Bereavement team

Posted on March 18, 2012 in Get Involved

The Bereavement team sees its role as assisting and supporting a family who has suffered the death of a loved one – from early visits, helping to prepare for the Requiem or Funeral Service, to ongoing personal support.

There are many physical preparations and burdens that loved ones have to deal with. Local Undertakers can provide pamphlets especially prepared to guide families through.

They suggest that death should be discussed openly with family members, so that each can express personal desires. Ageing parents may wish to plan details of their own funeral.

There are also many business and legal matters to attend to. Important as they are, spiritual affairs are of greater significance. In spite of the sadness of loss, we should not see death as an end.

Through the Church, Our Lord offers the Mass and Sacraments, especially Eucharist and Reconciliation, to help us in our preparation for the next life.  When age or sickness indicates the later part of, or risk to our life, the “Sacrament of the Sick” further consolidates our preparation. For this reason it is vitally important to advise the priest when our loved ones face any serious threat to their well being.

Our Bereavement Group welcomes any who would wish to participate in this work. For further information contact the Parish Office – 5571 1161

The following is taken from an article by Fr Paul Boudreau, a Priest from the Norwich Diocese:

When those we care for are faced with the death of a loved one, especially a tragic death, we want so much to comfort and help yet so often find ourselves speechless, wondering what we can say that will help.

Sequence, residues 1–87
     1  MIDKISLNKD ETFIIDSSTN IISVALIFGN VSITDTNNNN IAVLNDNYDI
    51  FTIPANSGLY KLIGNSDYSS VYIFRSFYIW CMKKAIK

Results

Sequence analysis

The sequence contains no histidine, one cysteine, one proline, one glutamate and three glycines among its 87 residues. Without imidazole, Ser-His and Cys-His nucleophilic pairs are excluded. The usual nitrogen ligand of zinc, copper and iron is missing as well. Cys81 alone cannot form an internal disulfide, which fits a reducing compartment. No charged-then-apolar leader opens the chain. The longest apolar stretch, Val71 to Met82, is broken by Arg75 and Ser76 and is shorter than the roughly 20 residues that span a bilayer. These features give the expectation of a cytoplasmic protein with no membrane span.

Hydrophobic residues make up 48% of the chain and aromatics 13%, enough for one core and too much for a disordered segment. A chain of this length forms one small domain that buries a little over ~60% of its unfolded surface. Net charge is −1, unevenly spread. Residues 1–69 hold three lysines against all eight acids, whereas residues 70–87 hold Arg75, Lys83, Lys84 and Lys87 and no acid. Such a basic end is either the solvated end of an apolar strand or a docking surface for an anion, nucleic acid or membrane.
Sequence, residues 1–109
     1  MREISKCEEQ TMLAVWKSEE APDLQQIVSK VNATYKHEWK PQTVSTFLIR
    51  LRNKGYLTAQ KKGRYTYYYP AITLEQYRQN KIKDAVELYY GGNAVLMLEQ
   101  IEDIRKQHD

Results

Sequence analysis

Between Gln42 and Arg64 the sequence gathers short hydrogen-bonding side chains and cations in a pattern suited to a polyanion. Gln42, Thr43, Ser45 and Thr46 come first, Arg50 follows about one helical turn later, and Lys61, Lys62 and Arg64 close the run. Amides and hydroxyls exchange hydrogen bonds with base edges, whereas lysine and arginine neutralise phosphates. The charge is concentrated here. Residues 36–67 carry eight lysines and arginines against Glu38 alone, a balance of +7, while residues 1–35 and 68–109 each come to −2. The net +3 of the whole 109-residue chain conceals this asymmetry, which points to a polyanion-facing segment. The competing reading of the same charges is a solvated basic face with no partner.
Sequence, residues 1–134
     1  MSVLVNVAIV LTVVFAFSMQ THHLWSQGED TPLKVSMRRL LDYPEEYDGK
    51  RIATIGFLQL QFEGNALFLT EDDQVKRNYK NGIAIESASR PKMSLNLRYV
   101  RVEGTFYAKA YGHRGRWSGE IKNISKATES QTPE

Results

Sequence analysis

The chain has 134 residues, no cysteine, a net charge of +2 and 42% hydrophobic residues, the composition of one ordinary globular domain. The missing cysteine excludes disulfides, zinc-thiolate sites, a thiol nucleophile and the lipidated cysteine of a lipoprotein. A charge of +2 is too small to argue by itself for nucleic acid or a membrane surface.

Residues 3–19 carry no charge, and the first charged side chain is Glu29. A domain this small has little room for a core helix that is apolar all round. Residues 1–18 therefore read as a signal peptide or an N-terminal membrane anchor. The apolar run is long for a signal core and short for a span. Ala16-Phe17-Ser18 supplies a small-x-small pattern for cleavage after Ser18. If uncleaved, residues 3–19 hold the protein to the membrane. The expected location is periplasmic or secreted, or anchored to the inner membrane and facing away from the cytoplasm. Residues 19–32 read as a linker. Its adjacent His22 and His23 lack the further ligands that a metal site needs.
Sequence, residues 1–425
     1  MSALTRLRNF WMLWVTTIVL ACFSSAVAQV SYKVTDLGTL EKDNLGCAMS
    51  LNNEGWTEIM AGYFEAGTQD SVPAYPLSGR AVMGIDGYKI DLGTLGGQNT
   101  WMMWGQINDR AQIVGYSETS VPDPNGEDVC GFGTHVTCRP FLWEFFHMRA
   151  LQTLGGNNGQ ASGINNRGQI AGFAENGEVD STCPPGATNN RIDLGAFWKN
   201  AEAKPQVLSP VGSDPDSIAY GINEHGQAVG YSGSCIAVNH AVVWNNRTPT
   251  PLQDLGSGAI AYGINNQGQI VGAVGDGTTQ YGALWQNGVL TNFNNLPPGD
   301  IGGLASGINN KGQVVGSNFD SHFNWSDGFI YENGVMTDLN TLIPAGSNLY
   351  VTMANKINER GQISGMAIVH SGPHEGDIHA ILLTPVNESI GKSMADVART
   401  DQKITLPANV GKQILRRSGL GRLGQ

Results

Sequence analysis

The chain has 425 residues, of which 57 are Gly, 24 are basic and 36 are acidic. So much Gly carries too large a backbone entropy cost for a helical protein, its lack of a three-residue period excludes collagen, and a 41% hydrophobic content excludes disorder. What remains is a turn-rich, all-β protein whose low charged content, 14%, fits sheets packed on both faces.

That wouldn’t be so bad, but sometimes we try to fill the silence with something, anything that might soften the devastating impact of loss.  We mean well:  we just don’t know what to say.

Forget the religious platitudes – “It must be God’s will”  or  “God must have a reason” when trying to comfort people.  They don’t work!!  Offer instead gestures of affection and words of sorrow.  It’s very appropriate to say “I’m so sorry”.  People even in grief, understand sorrow.  Grieve with them.   If they find it necessary to rage against God – let them.  God understands and can take it.

We do not need words of wisdom to console.  Our presence, our understanding that the grieving process can entail anger, disbelief, numbness and bewilderment as well as misery and our willingness to listen and sympathize can also help and support the bereaved.

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